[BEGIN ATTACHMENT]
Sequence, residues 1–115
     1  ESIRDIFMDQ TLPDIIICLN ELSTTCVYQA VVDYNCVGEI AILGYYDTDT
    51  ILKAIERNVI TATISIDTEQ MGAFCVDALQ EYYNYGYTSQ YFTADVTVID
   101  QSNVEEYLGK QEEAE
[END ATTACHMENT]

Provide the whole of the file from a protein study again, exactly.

Sequence, residues 1–115
     1  ESIRDIFMDQ TLPDIIICLN ELSTTCVYQA VVDYNCVGEI AILGYYDTDT
    51  ILKAIERNVI TATISIDTEQ MGAFCVDALQ EYYNYGYTSQ YFTADVTVID
   101  QSNVEEYLGK QEEAE